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Re: Biggest Predators



On Sun, 14 Mar 1999, Raymond Thaddeus C. Ancog wrote:

> If my memory serves me right, Paul Sereno was quoted as saying either in
> Nature or Science (in an anecdote to an article about Carcharadontosaurus),
> it's a moot question which of the three really was the biggest. What is
> more important is that on three continents (N. America, S. America, and
> Africa), a giant terrestrial predator ecomorph was occuppied in Late
> Cretaceous times by three distinct genera (Tyrannosaurus, Gigantosaurus,
> and Carcharodontosaurus respectively).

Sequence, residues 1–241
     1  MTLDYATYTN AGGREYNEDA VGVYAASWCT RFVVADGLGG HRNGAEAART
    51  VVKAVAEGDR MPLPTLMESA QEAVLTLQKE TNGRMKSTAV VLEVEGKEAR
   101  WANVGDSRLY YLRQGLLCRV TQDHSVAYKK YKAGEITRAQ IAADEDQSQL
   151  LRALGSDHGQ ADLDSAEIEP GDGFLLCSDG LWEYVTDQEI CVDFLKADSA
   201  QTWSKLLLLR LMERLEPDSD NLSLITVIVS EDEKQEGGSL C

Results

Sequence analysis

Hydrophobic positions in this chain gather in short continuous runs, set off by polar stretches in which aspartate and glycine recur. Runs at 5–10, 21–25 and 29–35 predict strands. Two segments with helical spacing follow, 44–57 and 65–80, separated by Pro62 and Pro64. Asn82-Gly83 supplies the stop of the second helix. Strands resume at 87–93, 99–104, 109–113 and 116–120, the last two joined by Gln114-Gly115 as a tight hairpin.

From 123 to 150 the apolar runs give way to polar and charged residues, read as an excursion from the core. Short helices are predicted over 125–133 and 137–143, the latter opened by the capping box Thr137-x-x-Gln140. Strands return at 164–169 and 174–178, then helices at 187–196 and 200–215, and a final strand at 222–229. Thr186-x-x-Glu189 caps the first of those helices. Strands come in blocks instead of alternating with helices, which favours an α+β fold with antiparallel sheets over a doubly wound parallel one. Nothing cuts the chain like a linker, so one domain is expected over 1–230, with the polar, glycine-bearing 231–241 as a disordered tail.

Of course, if Dinogeorge is right, and a)North America and east Asia were
not connected in the Maastrichtian (which I don't know enough to
comment on); and b)the large east Asian tyrannosaurs are a different genus
from _Tyrannosaurus_ (which I doubt), then there are four separate
megapredators, on four continents, to consider.

Either way, the "giant terrestrial predator ecomorph" was filled in the K
of east Asia as well.


> Isn't it that T is a coelurosaur, while G and C are either abelisaurs or
> close relatives?

Phil Currie thinks G and C are abelisaurs, but I wholeheartedly disagree.
And, while abelisaurs and other neoceratosaurs may be closer to tetanurans
than to _Coelophysis_, their skulls and hips (to name the parts I know 
best) are _way_ too primitive for them to be carnosaurs.

-Nick Pharris